It was 4.9% in 1980 and at that time the global economy didn’t run any real danger of an economic Armageddon. Today, the New York bankers may not feel quite safe, but they will keep vying to soak up an increasing part of the country’s real economy. They are achieving this miracle by just doing nothing more than creating money and wealth that exists only, because the central bank (the Fed), the government and the other Washington authorities say it exists.
Trump, being a New York multibillionaire himself, will think twice before attacking the Wall Street sharks where it hurts; their freedom to use other people’s money to enrich themselves. The New Yorker businessman will surely compromise his anti-systemic rhetoric into cooperation with the ‘system’, as all populist politicians have done before him, right-wing and left-wing alike.
What about foreign policies?
Now concerning Trump’s foreign policies, he has clearly indicated a cool stance vis-à-vis Europe and Russia, a more aggressive attitude towards China and much less military presence abroad. The US-Mexico relations will probably not change much, despite Trump’s rhetoric. The geographic reality is unbeatable. However, foreign policy is affecting the internal positions of the industrial-military complex and the New York banks. In this respect, Trump may try to assume a tougher stance towards them, cutting down military and security spending. The banks are also affected by foreign policy issues for obvious reasons. But then again, if hard pressed, Trump may change his position once more. He is renowned for frequent position changes and unpredictability. He will have no problem justifying anything.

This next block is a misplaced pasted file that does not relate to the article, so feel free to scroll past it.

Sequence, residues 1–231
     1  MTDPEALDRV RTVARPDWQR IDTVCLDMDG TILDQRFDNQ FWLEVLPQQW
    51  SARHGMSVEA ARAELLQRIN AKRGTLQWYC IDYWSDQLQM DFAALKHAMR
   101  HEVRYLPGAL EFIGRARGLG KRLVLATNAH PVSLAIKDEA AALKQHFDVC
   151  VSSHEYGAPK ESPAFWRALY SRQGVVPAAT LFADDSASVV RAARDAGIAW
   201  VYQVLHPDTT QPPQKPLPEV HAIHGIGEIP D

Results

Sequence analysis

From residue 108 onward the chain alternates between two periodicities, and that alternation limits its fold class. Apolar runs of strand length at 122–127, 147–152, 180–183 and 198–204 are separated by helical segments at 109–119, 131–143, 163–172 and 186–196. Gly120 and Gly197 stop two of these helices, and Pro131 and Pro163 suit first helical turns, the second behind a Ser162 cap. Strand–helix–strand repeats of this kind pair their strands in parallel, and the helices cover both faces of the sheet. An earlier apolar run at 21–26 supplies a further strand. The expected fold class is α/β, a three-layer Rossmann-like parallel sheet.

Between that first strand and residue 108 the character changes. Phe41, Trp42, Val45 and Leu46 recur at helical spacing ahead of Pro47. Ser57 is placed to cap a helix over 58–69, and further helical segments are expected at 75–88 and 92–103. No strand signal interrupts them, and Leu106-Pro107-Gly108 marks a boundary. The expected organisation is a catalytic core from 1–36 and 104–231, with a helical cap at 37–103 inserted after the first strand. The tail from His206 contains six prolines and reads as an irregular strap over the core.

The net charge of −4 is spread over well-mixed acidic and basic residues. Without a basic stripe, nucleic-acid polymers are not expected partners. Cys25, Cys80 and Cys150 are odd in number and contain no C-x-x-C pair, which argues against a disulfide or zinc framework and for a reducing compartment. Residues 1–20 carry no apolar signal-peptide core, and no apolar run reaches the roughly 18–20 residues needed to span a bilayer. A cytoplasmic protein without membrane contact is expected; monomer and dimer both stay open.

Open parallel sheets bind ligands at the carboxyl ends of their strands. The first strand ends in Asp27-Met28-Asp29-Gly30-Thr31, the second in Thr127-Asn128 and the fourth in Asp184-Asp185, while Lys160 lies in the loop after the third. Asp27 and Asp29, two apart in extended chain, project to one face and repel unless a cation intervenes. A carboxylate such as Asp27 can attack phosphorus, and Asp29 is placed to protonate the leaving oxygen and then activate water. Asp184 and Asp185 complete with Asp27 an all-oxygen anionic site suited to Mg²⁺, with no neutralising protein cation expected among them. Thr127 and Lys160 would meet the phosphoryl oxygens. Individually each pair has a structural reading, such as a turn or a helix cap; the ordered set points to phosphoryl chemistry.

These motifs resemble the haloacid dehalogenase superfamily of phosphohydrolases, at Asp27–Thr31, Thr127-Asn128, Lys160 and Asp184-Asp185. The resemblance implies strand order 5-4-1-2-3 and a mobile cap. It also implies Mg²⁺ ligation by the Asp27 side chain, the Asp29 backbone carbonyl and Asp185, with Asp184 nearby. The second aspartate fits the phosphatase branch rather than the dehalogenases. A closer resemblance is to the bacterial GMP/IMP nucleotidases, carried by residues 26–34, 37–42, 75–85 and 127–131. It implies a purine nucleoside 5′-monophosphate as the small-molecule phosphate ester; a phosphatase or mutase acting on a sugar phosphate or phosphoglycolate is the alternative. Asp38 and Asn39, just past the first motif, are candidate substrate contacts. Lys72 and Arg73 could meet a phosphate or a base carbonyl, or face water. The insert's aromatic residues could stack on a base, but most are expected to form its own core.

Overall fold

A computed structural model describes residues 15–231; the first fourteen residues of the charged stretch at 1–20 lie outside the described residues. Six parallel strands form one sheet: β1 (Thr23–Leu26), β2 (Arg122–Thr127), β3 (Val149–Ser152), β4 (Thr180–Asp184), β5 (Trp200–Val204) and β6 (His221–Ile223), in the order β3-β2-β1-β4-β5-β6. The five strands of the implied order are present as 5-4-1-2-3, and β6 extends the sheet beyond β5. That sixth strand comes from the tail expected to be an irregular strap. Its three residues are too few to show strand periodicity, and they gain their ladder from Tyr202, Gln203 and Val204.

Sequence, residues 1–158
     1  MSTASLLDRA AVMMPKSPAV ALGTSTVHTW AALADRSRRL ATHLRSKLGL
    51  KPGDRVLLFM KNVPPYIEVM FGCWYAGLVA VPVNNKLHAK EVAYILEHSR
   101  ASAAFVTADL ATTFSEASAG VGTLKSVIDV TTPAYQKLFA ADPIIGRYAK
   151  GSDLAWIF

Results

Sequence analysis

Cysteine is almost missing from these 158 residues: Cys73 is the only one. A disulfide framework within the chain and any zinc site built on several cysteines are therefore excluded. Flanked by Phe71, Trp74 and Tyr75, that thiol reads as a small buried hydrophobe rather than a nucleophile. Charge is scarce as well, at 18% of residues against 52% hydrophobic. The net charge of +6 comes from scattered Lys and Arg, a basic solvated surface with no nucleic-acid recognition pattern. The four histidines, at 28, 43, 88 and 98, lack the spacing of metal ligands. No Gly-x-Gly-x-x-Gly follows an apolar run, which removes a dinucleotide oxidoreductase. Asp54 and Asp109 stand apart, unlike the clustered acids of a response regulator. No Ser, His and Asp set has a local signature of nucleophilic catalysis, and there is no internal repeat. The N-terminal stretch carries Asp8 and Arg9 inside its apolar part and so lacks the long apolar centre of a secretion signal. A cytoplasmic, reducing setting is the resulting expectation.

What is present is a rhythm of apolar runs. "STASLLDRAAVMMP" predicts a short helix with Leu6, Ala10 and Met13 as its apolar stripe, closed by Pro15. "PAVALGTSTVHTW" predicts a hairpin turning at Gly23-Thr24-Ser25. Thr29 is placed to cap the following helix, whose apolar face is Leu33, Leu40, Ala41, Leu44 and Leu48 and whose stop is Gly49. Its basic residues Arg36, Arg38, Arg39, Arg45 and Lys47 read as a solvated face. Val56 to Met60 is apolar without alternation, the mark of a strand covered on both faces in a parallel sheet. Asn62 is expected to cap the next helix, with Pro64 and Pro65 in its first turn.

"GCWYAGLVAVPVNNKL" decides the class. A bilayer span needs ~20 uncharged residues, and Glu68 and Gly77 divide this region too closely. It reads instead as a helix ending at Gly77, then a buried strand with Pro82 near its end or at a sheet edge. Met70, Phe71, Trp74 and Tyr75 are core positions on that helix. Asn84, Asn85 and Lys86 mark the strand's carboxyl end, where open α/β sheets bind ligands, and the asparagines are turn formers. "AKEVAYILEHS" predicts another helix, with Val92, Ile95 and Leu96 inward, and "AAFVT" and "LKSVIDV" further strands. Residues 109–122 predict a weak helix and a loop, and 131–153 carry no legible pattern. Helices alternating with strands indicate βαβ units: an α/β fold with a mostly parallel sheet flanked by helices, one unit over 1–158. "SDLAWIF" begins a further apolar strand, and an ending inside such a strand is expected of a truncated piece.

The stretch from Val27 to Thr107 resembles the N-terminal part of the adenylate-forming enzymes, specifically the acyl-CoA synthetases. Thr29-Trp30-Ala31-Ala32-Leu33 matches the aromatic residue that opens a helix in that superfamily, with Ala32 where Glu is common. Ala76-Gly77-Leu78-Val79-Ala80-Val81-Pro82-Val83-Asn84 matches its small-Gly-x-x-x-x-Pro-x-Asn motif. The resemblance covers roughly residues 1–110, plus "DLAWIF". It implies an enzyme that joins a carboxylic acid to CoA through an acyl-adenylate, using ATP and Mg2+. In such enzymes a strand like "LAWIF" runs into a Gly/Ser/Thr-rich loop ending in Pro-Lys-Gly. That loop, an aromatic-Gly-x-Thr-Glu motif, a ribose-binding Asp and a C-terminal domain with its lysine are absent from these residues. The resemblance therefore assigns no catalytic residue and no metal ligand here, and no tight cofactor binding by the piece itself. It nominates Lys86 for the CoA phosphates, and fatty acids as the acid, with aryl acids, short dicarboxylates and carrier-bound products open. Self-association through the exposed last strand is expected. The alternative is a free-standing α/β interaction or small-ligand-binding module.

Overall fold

On the foreign trade front, Washington may start pressing China more and more and will eventually target a new reality in this sector. But those things are very difficult and time consuming to change. So, Trump may continue his rhetoric against free trade and globalization and at the same time not do anything important to change things. In Europe the Iron Curtain the Obama administration has started to construct, aiming at definitively disconnecting European Union from Russia economically will not be easily lifted.
Under Hillary Clinton, Washington would have considered the possible close economic cooperation of the EU with Russia, as a strategic threat for the US. Under Trump this may not be the case. Then again, tradition in Washington teaches us, that the White House can internally change the scenery, in the fields of taxation and other home policies but the in the foreign affairs domain the prerogative belongs to the public administration.